Food, Farming and Financialisation: Agri-food Transformations in Australia
Australian Research Council
ARC Discovery Projects
Start / End Date: 2017
This study addresses the issue of financialisation of Australian agri-food industries. Financialisation broadly refers to the increasing presence of financial actors, and of financial motives, in the operation of national and global economies. In relation to the agri-food chain, financialisation is occurring as entities such as sovereign wealth funds (SWFs), state owned enterprises (SOEs), private equity firms, asset management companies, and merchant and investment banks are purchasing farmlands, agribusiness firms and food retailers. To date, there has been limited research into the ways firms in the finance are transforming Australian agri-food industries. A critical sociological analysis will provide insights to help inform and guide future policy and debate.
The aims of the study are to:
Understand the nature of financial investment in land, farming and agribusiness in Australia, including identifying patterns and emerging trends: which countries - along with both domestic and foreign firms in the finance sector - are investing in Australian food and farming industries? Which agribusinesses and farms are being targeted for investment?
Explore the role that financial intermediaries play in the purchase of Australian farms and agribusiness firms. These are the missing links between those with the capital, and those with the assets for purchase.
Assess the impacts of these investments at the local, community level in Australia, as well as national encouragement for, and/or opposition to, the financialisation of food and farming
Provide conceptual clarity about the reasons for, and impacts of, financial investment in food, farming and agribusiness in Australia.
The study will use content analysis of information obtained from company websites, data-bases such as factiva, government reports, and material in the financial press, to compile a database of financial capital flows into food and farming in Australia. We will also conduct semi-structured interviews, face-to-face meetings and attend finance industry events to gather rich data on motivations, drivers and contexts.
Case studies will allow assessment of the (1) motivations and drivers of investment for a range of institutional investors and financial intermediaries; and (2) the reactions of citizens, communities, political parties, and others, to specific investors and their investments. The cases will include:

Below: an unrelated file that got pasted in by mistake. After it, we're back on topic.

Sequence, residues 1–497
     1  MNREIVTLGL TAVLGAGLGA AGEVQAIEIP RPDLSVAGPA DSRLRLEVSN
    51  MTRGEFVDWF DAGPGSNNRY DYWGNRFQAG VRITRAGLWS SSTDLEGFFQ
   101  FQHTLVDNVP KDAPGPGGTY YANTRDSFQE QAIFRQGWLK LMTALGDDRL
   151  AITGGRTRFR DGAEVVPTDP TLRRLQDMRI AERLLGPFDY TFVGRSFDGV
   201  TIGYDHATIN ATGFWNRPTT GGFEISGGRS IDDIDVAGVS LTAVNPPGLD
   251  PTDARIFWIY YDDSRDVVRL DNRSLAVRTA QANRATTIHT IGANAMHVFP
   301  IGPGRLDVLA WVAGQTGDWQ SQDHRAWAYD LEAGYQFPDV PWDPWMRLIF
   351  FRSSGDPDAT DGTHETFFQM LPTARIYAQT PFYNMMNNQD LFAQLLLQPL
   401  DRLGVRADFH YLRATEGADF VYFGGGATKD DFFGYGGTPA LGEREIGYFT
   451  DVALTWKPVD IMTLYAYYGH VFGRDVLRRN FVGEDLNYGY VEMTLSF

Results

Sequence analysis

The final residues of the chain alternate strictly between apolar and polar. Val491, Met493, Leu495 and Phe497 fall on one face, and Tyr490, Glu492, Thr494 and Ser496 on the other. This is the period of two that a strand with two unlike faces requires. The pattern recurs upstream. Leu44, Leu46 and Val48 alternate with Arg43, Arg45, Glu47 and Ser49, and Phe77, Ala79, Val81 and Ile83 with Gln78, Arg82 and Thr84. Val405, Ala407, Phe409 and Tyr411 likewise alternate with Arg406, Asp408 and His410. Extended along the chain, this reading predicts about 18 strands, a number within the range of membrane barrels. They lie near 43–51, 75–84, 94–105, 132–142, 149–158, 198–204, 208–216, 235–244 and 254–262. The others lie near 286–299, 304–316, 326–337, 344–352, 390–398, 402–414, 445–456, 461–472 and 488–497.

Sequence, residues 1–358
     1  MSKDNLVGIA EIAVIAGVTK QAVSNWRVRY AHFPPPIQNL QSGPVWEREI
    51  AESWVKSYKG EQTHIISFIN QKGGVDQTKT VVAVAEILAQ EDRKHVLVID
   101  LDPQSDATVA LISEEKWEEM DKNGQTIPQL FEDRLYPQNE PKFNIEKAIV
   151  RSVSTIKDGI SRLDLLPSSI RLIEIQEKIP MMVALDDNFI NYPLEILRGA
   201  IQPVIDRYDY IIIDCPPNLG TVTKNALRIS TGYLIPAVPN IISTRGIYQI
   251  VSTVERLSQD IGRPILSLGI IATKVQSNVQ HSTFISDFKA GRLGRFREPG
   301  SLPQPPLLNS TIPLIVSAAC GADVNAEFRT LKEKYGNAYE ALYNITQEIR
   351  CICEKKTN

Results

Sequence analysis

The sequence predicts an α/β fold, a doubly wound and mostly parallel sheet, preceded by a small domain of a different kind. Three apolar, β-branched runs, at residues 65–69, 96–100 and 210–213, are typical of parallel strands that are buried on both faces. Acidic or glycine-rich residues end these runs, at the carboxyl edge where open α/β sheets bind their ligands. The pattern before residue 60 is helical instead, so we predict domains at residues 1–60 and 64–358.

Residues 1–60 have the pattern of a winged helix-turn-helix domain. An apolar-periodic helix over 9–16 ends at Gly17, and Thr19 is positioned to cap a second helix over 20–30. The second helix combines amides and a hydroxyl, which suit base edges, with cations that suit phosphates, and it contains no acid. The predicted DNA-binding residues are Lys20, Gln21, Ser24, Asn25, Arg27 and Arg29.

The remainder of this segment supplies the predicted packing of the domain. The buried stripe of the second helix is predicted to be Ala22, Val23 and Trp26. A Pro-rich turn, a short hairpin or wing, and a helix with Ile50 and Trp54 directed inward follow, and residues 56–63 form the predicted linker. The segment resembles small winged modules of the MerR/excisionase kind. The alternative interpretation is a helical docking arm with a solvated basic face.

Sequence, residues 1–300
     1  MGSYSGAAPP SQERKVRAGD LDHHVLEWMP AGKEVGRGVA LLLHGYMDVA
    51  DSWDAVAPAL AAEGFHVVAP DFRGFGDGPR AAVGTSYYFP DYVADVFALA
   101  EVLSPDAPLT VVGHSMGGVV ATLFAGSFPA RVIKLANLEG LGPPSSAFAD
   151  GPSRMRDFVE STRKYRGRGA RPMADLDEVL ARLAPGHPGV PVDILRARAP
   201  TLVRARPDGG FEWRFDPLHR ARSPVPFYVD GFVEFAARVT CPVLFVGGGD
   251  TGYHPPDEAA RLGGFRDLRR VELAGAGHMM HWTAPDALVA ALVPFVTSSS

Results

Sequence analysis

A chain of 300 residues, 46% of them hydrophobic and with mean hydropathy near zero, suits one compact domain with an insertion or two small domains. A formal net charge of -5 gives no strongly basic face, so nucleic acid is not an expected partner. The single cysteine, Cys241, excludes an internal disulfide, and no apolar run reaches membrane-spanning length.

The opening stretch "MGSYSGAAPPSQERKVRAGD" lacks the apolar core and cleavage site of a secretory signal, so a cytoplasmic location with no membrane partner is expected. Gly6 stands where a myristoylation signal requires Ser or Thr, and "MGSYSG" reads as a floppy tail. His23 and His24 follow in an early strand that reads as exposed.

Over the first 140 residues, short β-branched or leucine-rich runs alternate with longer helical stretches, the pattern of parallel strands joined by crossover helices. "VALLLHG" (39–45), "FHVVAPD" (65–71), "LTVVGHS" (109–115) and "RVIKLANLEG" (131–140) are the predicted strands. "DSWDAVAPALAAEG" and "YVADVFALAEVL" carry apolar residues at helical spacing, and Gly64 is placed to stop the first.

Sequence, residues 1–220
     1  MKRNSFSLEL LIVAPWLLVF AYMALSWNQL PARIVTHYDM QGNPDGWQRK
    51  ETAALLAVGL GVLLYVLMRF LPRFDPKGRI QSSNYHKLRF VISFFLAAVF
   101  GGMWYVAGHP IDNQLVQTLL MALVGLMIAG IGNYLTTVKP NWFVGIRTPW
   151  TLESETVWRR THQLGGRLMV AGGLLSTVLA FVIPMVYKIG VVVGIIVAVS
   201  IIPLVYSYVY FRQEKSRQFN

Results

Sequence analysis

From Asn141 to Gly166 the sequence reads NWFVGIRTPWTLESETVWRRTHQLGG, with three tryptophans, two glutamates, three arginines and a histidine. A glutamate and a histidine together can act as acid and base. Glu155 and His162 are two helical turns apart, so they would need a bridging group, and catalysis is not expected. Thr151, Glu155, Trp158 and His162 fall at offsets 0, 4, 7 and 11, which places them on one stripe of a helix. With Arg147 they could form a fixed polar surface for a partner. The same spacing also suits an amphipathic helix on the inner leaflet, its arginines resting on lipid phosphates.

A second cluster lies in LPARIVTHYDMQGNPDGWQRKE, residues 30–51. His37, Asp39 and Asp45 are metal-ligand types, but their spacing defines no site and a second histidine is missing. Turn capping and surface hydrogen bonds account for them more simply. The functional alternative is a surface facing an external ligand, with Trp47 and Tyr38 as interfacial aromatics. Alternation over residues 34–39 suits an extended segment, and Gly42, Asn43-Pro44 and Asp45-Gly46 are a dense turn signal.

Chinese SOE investment in the Ord River
Middle-Eastern SWFs in the Riverina
Agribusiness in Nth Queensland
Pastoral land ownership and ‘Developing the North’.
Benefits of the research
We believe there will be substantial benefits in conducting this research. First, researchers will be able to assess the extent of investments. Second, it will be possible to understand the types of agriculture (cropping, grazing etc) and the locations being selected for investment, and thereby identify the extent to which the agricultural sector is experiencing change. Third, in terms of future policy and planning for agriculture and food, this research will identify emerging trends in areas for financial investment, and the social, economic and environmental changes resulting from this.
Participants in this study will be selected from five key groups in Australia: the banking and investment sector; food industry actors; farmers and landowners; community members; and government officials. If you would like to participate, please let us know.
Participation in the research will involve a face-to-face meeting lasting between forty minutes and one hour. The researcher will interview participants about land and agricultural investments, farming, and changes that you have observed or experienced in your industry or community. Participation in this research is entirely voluntary and participants can withdraw from the project at any stage. Confidentiality is ensured, and an ethics clearance has been granted by the University of Queensland. There are no financial reimbursements for participation in this study. No financial (or other) incentives have been provided to industry, government, employers or third party organisations as part of this research.
Results of Project
The results of this study will appear in presentations given at academic conferences, articles published in academic journals, and in summary reports sent to the funding body. Summary reports will be available on the project website and sent to participants who request them.
Professor Hilde Bjørkhaug, Centre for Rural Research, Norway.
Professor Chul-Kyoo Kim, Korea University, Korea.
Dr Sarah Ruth Sippel, University of Leipzig, Germany.
If you are a financial intermediary working in the agricultural land and/or agribusiness sectors, or can help to answer our research questions, we would love to hear from you. Please contact Dr Kiah Smith on email@example.com